ANKARA, Turkey — President Recep Tayyip Erdogan demonstrated his political skills today when he eschewed attacking the US president for threatening Turkey and changed the Syrian debate from wiping out the Kurdish militia to erecting a buffer zone along the Turkish-Syrian border.
Erdogan spoke a day after President Donald Trump posted a tweet about the US withdrawal from Syria, in which he threatened to "devastate Turkey economically if they hit Kurds.” The comment provoked an outcry. Opposition politicians and centrist media joined the government in condemning Trump for his heavy-handedness.
Erdogan himself is fond of aggressive rhetoric and bluster intended to mobilize nationalists and frighten his enemies. So when he mounted the podium to address his party’s legislators in parliament today, observers expected him to respond to Trump in kind.
Instead, Erdogan focused on a different part of Trump’s tweet, where the American president had written: “Create 20 mile safe zone.”
Erdogan said this was a proposal he had first made to President Barack Obama, and that he had discussed it with Trump in a phone call on Monday night. Trump had endorsed the idea and suggested the dimension of 20 miles deep.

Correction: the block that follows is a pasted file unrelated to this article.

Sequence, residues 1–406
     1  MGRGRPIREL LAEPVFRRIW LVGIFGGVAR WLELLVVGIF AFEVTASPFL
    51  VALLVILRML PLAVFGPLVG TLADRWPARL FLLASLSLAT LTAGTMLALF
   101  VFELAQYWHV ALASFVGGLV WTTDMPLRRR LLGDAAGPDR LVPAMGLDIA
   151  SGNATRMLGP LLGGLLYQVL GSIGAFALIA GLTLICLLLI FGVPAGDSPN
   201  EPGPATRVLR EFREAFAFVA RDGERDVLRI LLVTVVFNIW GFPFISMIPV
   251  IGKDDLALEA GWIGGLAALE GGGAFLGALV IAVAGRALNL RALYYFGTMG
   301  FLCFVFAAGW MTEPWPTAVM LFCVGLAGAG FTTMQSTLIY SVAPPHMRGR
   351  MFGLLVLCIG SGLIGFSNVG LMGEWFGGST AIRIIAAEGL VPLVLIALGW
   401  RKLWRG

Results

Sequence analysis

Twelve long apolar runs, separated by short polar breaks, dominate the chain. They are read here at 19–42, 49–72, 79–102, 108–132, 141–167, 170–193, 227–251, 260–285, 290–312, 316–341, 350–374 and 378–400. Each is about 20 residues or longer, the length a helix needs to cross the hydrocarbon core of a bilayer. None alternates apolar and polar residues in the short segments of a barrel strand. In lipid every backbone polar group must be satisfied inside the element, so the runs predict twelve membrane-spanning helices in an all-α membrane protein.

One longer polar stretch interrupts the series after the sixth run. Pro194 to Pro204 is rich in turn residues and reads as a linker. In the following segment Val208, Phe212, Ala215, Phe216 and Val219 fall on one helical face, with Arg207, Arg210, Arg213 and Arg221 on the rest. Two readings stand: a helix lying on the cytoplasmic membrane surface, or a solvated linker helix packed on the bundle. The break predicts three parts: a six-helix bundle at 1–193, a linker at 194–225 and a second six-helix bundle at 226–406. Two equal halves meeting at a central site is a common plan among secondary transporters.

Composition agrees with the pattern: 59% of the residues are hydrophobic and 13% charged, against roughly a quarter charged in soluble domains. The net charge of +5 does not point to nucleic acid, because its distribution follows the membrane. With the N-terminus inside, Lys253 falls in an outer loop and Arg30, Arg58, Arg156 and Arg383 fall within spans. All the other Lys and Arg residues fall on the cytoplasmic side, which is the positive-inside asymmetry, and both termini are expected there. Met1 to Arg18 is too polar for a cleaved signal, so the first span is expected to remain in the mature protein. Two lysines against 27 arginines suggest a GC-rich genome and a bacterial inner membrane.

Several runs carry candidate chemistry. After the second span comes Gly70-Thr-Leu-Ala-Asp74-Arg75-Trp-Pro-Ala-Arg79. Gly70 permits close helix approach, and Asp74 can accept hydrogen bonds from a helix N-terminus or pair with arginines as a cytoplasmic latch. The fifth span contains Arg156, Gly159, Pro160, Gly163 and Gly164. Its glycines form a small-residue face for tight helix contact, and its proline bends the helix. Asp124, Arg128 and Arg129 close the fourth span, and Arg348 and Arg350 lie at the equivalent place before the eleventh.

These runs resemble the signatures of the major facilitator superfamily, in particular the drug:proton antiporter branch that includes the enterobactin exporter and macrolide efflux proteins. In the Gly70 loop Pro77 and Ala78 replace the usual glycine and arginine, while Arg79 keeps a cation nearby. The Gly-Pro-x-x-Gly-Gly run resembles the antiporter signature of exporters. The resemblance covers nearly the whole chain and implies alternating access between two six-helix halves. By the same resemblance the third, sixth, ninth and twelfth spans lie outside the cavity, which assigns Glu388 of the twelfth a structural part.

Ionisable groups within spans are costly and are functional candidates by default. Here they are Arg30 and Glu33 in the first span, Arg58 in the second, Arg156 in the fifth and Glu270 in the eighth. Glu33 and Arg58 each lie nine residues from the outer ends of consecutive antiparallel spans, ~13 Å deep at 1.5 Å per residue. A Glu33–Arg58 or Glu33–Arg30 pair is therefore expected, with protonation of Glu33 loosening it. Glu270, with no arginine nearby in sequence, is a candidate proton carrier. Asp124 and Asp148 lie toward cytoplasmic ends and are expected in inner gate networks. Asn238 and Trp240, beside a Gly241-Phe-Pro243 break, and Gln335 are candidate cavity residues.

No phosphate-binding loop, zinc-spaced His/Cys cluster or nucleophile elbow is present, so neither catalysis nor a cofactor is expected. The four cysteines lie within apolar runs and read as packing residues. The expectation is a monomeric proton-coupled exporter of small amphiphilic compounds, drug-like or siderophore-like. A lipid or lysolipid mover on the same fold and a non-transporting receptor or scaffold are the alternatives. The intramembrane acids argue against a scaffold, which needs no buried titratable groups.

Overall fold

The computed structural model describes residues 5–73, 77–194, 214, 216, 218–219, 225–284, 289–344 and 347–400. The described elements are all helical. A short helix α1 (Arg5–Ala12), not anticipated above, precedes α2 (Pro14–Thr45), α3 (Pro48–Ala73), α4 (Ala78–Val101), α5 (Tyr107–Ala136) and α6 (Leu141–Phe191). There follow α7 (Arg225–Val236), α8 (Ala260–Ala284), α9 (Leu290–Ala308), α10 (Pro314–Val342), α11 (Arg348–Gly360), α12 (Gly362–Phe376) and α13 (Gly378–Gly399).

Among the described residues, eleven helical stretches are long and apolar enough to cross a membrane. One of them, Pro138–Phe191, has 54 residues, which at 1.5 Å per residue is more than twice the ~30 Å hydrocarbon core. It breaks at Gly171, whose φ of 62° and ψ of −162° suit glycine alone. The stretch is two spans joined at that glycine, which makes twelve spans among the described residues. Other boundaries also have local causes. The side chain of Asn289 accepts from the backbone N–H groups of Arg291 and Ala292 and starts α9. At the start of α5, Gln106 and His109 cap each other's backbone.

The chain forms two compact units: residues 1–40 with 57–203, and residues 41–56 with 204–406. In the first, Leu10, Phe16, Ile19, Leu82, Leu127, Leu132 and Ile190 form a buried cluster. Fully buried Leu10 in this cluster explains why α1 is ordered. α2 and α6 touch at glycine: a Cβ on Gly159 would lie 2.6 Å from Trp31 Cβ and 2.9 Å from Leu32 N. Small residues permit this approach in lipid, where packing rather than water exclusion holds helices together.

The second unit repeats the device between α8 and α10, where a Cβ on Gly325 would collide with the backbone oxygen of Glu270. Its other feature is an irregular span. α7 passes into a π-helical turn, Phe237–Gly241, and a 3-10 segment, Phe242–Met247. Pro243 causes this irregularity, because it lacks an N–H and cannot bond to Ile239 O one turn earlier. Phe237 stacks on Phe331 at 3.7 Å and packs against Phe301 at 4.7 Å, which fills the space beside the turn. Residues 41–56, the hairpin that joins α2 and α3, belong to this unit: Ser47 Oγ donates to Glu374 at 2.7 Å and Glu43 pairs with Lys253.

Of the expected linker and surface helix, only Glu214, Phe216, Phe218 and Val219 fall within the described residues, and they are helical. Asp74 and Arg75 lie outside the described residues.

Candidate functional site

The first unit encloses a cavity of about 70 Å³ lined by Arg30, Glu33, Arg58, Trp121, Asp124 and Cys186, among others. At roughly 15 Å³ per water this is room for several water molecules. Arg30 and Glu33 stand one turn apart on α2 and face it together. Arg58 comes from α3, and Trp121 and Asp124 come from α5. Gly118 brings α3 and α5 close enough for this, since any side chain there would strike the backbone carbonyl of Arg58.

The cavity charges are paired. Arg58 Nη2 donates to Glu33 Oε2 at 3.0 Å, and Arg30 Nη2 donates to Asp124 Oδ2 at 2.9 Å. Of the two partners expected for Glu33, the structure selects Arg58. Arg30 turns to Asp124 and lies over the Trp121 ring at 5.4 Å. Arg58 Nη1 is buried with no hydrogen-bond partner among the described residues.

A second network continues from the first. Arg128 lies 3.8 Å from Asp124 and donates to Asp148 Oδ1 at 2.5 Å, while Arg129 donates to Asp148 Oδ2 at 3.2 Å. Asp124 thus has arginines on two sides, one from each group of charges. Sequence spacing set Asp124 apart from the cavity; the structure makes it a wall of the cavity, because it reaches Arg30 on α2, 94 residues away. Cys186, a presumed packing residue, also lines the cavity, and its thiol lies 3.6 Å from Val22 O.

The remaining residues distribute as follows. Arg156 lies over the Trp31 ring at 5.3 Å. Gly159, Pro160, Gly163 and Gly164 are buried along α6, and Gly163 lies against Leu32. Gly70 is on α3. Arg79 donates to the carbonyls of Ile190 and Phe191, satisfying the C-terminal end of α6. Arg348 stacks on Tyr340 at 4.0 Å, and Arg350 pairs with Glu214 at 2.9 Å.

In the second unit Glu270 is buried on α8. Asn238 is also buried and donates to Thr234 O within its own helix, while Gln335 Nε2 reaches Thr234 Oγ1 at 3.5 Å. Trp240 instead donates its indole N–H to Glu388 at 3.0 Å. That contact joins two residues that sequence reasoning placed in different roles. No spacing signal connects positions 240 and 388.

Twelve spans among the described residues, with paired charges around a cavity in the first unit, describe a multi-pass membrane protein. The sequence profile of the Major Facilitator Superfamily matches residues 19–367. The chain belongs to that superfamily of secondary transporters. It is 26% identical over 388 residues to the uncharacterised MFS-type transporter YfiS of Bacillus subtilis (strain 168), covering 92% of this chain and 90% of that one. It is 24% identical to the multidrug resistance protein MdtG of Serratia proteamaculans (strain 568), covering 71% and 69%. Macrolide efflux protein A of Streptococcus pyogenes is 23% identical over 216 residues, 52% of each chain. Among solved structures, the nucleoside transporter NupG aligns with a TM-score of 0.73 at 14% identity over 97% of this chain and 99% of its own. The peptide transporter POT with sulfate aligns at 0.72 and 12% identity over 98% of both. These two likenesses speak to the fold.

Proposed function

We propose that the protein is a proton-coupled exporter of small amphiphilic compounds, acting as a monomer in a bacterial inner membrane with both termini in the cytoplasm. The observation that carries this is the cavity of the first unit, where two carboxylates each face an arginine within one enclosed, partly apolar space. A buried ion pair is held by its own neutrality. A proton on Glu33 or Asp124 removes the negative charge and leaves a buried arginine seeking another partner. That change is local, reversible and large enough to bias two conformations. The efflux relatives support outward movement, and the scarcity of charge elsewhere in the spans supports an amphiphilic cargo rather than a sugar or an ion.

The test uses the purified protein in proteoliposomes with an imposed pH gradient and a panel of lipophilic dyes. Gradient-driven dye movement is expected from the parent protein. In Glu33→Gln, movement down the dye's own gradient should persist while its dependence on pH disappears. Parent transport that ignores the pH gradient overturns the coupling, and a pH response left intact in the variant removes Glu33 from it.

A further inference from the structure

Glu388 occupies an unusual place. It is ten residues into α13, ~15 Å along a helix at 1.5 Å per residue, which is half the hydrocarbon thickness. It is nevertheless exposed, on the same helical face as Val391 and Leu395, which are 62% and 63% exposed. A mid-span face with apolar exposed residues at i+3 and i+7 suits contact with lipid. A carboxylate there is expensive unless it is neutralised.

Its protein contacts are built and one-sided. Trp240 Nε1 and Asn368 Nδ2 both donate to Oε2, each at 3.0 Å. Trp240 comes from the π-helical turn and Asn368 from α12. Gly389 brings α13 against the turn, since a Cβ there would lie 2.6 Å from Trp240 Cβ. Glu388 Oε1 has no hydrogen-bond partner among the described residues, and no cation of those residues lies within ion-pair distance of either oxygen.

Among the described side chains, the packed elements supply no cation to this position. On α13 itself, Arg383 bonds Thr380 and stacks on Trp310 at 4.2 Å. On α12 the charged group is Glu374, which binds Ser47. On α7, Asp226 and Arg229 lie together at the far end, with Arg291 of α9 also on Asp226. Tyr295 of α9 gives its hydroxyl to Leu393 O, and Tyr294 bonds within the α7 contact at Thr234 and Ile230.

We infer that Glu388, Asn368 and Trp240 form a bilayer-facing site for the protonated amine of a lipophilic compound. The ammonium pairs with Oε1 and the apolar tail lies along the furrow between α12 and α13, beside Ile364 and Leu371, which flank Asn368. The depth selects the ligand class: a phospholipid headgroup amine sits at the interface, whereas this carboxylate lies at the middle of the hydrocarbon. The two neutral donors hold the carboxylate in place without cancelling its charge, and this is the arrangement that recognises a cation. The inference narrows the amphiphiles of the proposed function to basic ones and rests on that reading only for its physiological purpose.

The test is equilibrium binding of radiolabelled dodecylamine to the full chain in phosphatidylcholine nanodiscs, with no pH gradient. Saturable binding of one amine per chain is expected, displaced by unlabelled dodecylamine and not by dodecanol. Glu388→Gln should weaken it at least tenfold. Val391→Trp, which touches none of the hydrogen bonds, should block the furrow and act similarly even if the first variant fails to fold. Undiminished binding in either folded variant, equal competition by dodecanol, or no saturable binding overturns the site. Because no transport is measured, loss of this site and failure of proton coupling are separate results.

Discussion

Erdogan told the legislators the zone “will be formed by us” but, in comments to reporters later, he said there was no decision to erect such a zone yet.
“If the coalition forces, and the United States especially, if they give us logistical and financial support with the condition of protecting the people’s safety there, we would accomplish such a safe zone,” Erdogan said.
“We can provide services, especially TOKI,” Erdogan told reporters in parliament’s corridor, referring to the acronym for Turkey’s state housing agency. “My plan would be to build two-story houses with gardens of 500 square meters so the inhabitants could begin a new life.”
He added such a buffer zone “would also block migration completely,” an idea that would appeal to European members of the US-led coalition in Syria.